feels sharp as swords or stones. I am no saint.
I have wanted to write about this for so long, but am completely daunted by the task. How do I get it across, the way words can hurt you, can hurt the ones you love?
I have tried to post about this on my blog. I have tried to put it in an essay. But so far, all I have managed is a few lines in a poem, the poem which provided the title of both my blog and my first collection of poems, "Saint Nobody." It refers to an actual incident, less than a year after my daughter Stella was diagnosed at birth with Down syndrome, and I suddenly found myself a new world, or at least a new country--the sort of experience that Emily Perl Kingsley describes as landing in Holland when you thought you were headed on a trip to Italy.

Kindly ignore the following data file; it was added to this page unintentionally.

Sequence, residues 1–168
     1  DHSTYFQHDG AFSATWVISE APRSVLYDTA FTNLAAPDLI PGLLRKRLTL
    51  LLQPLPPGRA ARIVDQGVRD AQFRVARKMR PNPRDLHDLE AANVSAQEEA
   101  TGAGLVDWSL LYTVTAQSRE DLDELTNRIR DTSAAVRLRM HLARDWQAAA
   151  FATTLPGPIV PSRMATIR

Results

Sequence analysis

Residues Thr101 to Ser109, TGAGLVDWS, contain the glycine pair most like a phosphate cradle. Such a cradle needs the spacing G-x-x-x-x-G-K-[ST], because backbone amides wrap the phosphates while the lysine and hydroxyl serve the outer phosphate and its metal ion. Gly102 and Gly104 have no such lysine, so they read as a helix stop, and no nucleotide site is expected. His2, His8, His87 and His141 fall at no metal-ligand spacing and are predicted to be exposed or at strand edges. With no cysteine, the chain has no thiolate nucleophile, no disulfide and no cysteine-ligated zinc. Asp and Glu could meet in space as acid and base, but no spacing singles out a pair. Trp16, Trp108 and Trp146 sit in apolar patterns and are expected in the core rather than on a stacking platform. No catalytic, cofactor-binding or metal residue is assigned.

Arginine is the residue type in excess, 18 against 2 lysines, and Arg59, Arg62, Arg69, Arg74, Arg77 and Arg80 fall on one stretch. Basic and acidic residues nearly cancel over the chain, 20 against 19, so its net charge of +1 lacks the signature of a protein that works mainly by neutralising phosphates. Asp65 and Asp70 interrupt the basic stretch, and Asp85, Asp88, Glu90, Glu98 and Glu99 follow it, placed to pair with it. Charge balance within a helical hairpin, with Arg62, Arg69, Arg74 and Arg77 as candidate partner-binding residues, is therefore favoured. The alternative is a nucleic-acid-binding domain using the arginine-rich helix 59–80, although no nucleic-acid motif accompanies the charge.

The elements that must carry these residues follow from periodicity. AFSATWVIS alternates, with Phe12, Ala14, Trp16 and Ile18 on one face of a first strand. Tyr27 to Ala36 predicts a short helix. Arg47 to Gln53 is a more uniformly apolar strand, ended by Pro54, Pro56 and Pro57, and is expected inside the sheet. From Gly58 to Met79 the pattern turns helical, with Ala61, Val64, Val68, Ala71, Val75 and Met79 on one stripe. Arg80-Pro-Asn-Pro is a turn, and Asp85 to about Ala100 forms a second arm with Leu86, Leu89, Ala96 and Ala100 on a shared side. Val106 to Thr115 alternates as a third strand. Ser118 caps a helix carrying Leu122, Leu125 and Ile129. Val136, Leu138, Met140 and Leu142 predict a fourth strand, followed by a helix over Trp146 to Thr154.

My friend had even heard me talk about the language of disability, the way certain words set my teeth on edge. She knew that "mentally challenged" or "developmentally delayed" were the "right" words to use. But somehow she forgot--she couldn't help it, because "retarded" sprung easily to her lips, as it always had to mine.
Since then it has come to sting less and less, and I admit that I (and Stella's father) have slipped and used it ourselves from time to time--I sometimes joke privately that my daughter has Down syndrome, but I'm the one who is "retarded."